Hello New Ricochet Family


I’m Bridget. Some of you might know me from Twitter (@bridgetphetasy)–it’s my primary residence. I’m very excited about my new podcast, Walk-Ins Welcome, that has been given a home here at Ricochet by the benevolent folks in charge. Each week I’ll talk to a guest about grit: how they persevere in life and how they get out of their own way. The idea for this show evolved as a reaction to what I see as a growing culture of victimhood; so instead of whining about how everyone is victim (and perpetuating the problem), I wanted to create something that motivated people and made them laugh.

For my debut episode I welcomed actor Steve Howey (you might know him as Kev on Showtime’s Shameless) and we cover a lot of ground from his first agent, the odd jobs you have to work before you “make it” to his thoughts about free speech, “let the psychos speak so we know who they are.”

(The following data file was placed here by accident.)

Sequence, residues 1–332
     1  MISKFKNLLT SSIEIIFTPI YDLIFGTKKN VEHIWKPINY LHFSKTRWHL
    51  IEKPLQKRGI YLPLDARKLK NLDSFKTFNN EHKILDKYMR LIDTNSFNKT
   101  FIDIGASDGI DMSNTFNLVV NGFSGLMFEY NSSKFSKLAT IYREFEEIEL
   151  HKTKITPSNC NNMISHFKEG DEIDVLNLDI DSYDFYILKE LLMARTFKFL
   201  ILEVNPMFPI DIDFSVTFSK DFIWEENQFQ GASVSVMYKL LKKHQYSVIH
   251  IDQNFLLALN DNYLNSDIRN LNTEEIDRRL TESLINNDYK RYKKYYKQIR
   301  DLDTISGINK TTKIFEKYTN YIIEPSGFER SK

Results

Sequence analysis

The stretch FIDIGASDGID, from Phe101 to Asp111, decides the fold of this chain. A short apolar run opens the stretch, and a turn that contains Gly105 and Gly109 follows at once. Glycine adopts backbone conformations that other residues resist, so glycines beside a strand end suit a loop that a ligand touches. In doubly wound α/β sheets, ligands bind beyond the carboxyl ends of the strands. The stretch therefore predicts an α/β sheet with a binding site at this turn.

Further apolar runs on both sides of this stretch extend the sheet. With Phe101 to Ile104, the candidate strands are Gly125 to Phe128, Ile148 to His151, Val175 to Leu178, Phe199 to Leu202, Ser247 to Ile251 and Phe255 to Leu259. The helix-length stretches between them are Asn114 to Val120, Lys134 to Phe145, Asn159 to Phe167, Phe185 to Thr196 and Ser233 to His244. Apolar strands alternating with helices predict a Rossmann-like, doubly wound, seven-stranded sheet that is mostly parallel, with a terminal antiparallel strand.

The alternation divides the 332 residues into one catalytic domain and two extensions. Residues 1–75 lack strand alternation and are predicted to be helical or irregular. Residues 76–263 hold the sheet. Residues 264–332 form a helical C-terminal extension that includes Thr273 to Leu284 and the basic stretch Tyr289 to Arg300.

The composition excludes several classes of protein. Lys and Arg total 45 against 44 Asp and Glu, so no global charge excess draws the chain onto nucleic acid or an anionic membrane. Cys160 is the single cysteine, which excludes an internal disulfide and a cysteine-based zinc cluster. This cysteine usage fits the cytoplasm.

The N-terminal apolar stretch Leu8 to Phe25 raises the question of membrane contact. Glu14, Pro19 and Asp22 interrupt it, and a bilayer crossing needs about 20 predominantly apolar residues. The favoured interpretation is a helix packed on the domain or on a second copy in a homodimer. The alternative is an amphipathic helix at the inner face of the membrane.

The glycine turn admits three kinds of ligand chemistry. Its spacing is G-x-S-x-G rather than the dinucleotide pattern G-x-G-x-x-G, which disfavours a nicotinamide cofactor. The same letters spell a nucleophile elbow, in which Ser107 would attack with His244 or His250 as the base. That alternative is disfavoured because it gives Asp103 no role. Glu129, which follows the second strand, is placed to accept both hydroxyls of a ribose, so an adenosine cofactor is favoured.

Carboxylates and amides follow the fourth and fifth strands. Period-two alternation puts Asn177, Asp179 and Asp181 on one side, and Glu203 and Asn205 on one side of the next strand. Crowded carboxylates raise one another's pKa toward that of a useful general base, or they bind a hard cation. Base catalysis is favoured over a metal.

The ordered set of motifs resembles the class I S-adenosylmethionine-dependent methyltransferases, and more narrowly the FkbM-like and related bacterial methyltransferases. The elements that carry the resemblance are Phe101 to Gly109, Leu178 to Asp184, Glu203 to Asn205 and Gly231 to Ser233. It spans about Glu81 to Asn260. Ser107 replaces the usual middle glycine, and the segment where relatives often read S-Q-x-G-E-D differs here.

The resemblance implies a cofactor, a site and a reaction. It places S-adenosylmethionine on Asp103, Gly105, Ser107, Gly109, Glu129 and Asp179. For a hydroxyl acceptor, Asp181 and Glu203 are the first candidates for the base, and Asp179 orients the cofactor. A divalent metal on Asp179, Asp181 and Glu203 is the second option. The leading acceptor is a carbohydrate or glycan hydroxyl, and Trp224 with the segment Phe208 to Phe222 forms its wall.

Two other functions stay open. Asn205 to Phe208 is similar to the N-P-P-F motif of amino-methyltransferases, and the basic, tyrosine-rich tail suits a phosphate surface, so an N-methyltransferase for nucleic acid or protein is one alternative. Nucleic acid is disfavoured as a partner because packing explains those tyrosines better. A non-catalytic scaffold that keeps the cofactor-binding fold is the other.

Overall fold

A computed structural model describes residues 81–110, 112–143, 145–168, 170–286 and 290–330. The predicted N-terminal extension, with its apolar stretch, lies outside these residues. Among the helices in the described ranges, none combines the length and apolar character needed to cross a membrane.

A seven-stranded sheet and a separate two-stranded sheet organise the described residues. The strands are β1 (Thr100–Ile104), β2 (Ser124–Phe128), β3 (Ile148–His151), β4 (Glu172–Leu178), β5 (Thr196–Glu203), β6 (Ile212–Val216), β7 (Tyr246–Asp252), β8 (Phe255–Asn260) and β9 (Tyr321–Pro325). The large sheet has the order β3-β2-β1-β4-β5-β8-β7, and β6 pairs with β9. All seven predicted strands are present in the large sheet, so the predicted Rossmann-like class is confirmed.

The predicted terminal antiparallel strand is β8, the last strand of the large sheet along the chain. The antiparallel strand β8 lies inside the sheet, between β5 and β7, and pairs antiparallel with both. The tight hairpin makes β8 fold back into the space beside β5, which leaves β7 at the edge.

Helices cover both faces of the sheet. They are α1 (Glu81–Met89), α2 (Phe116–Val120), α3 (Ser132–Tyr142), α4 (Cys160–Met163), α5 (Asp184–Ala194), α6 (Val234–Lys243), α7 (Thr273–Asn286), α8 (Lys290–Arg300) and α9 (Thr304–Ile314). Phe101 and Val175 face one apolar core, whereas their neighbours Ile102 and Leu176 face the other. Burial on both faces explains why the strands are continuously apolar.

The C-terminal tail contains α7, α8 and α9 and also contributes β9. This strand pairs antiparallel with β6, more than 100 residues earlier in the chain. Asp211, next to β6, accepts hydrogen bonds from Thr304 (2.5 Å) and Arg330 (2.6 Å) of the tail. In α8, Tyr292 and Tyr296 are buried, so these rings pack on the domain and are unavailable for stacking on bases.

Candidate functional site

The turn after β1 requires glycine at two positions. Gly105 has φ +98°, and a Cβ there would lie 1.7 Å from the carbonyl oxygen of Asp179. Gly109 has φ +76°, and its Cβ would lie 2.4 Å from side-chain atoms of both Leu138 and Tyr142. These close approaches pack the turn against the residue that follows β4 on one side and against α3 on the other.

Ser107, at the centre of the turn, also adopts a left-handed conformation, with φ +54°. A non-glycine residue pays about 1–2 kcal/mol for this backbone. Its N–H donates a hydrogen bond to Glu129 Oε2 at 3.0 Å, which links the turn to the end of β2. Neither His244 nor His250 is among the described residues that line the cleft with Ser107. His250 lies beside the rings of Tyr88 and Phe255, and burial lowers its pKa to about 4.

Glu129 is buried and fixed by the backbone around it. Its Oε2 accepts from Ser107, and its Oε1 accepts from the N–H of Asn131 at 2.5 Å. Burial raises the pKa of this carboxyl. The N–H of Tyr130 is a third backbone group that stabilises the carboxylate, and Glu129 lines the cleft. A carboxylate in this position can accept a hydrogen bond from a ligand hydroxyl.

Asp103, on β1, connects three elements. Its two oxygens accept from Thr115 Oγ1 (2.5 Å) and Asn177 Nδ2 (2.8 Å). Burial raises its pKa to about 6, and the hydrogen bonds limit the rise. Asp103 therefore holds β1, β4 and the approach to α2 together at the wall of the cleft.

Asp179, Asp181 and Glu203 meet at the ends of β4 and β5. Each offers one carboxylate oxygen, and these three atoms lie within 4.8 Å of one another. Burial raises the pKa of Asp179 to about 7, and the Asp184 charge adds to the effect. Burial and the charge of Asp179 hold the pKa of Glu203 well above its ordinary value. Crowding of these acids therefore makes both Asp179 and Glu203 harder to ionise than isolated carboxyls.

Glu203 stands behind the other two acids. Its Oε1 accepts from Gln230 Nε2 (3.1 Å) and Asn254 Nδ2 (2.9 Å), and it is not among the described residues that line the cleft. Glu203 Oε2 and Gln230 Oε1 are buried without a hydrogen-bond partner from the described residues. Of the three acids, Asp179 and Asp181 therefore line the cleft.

It was important to me to create an evergreen hour that exists outside the news cycle, a little oasis you can tap into in the middle of a hard week or weekend or whenever and fill up on some humor, some stories and maybe a tip or a quote that invigorates you to keep fighting that good fight against your own demons. In a world that feels increasingly crazy, we can only control one thing: how we react to it.

Learn about Steve Howey’s (Shameless) journey into acting and how getting a national Coca-Cola commercial right out of the gates was the worst thing that could have happened. He talks marathons, triathlons, how he pushes himself beyond his perceived limits and why the mind is a dangerous place.